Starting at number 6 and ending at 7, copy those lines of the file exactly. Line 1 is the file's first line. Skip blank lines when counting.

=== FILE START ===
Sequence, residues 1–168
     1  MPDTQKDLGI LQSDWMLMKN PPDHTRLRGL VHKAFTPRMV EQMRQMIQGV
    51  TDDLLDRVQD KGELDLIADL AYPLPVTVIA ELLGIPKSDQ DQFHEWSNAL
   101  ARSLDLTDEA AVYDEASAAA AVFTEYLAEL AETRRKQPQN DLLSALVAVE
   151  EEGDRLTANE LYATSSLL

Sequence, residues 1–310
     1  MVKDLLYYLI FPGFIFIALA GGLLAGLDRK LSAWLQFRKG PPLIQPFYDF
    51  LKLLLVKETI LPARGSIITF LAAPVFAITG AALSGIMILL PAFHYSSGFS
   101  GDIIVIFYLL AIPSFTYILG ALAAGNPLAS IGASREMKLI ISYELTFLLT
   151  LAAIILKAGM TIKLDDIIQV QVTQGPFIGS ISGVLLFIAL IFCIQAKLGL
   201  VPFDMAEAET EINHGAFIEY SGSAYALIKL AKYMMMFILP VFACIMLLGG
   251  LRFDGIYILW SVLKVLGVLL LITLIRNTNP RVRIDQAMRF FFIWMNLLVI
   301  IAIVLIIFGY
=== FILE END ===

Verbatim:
Sequence, residues 1–310
     1  MVKDLLYYLI FPGFIFIALA GGLLAGLDRK LSAWLQFRKG PPLIQPFYDF